received Ecumenical Synods is “Ecumenical councils are those to which the bishops and others entitled to vote are convoked from the whole world under the Presidency of the Pope or his legates, and the decrees of which, having received Papal confirmation, bind all Christians.” Addis and Arnold, A Catholic Dictionary, s. v. Councils. The reader will notice that by this definition one at least (I. Constantinople), probably three, of the seven undisputed Ecumenical Synods cease to be such. The reader should otherwise be at a loss to understand the anathematisms which follow the decrees, and which indeed would be singularly out of place, if the decrees which they thus emphatically affirm were supposed to rest only upon human wisdom and speculation, instead of upon divine authority.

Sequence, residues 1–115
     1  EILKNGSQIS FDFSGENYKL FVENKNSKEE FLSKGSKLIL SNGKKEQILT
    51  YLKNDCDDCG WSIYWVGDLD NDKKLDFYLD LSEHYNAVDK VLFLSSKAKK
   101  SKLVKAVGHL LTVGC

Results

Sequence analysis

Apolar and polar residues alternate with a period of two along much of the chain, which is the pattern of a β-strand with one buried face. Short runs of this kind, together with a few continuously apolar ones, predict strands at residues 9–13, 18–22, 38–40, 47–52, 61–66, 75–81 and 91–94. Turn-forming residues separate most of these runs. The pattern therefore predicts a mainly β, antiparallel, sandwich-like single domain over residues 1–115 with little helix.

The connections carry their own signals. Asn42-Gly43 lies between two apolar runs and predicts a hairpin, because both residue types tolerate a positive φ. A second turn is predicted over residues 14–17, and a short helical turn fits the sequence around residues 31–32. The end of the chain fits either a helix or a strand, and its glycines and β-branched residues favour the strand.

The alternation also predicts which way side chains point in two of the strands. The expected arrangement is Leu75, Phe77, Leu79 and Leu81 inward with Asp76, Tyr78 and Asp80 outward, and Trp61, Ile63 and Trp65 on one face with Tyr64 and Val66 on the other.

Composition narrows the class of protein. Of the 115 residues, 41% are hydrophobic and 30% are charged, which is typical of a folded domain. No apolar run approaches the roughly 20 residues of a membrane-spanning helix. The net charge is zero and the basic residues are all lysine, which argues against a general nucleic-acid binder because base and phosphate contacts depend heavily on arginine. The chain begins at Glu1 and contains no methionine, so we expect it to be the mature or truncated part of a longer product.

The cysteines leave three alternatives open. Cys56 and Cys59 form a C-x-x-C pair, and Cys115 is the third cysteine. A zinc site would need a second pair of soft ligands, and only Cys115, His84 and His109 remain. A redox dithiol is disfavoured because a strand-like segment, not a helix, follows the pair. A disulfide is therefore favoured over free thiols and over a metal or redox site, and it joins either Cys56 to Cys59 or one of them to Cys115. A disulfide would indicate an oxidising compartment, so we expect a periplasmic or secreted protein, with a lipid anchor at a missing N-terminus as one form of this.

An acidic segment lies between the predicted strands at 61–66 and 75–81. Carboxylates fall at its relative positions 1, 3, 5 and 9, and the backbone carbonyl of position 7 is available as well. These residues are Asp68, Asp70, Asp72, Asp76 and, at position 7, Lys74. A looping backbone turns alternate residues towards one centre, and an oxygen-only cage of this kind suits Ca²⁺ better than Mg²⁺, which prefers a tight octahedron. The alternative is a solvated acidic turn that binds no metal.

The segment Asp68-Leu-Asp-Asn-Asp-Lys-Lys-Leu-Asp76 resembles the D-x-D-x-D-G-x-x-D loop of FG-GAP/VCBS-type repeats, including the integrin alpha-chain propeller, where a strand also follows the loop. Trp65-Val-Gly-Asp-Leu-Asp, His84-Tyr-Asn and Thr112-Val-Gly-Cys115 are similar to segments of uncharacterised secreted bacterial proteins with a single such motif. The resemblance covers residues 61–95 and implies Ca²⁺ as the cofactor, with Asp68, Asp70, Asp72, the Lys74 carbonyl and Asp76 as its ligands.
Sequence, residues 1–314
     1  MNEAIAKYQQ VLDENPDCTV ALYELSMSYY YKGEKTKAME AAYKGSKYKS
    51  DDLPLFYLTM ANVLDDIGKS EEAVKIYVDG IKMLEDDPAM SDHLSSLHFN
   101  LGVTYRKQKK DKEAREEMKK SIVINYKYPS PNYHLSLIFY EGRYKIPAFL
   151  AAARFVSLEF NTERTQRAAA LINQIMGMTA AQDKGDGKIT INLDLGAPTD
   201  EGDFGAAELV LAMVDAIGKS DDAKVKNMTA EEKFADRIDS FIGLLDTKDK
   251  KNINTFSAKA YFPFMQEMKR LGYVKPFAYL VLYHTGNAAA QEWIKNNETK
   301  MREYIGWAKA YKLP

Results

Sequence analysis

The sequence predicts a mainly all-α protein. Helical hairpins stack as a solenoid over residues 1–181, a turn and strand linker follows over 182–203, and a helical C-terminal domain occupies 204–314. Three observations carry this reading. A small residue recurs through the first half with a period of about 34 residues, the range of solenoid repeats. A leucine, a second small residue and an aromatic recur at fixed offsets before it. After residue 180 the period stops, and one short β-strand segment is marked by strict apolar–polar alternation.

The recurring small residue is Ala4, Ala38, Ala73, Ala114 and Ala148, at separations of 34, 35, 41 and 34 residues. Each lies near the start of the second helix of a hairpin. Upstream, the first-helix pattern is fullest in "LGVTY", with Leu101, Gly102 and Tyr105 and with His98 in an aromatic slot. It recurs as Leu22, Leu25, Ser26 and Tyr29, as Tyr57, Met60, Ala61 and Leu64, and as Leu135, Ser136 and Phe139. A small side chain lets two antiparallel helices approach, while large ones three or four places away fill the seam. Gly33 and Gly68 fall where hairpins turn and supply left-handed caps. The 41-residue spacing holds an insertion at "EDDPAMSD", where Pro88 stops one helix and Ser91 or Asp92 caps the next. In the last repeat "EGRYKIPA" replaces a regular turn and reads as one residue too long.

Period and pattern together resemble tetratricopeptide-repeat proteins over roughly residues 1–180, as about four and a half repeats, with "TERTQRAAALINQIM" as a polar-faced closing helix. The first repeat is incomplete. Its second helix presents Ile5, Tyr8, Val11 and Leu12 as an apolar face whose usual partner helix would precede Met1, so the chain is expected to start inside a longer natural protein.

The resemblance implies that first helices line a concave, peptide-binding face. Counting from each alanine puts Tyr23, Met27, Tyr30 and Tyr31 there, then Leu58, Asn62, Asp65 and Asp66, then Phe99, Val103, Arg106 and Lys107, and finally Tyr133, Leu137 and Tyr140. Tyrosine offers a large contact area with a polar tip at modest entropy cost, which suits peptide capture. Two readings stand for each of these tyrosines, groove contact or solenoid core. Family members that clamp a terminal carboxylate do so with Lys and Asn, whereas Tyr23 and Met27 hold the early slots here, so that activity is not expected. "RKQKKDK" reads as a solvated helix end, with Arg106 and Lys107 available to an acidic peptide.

The editor also ventures to call the attention of the reader to the fact that in this First council, as in every other of the Seven Ecumenical Councils, the question the Fathers considered was not what they supposed Holy Scripture might mean, nor what they, from à priori arguments, thought would be consistent with the mind of God, but something entirely different, to wit, what they had received. They understood their position to be that of witnesses, not that of exegetes. They recognized but one duty resting upon them in this respect—to hand down to other faithful men that good thing the Church had received according to the command of God. The first requirement was not learning, but honesty. The question they were called upon to answer was not, What do I think probable, or even certain, from Holy Scripture? but, What have I been taught, what has been entrusted to me to hand down to others? When the time came, in the Fourth Council, to examine the Tome of Pope St. Leo, the question was not whether it could be proved to the satisfaction of the assembled fathers from Holy Scripture, but whether it was the traditional faith of the Church. It was not the doctrine of Leo in the fifth century, but the doctrine of Peter in the first, and of the Church since then, that they desired to believe and to teach, and so, when they had studied the Tome, they cried out: “This is the faith of the Fathers! This is the faith of the Apostles!…Peter hath thus spoken by Leo! The Apostles thus taught! Cyril thus taught!” etc.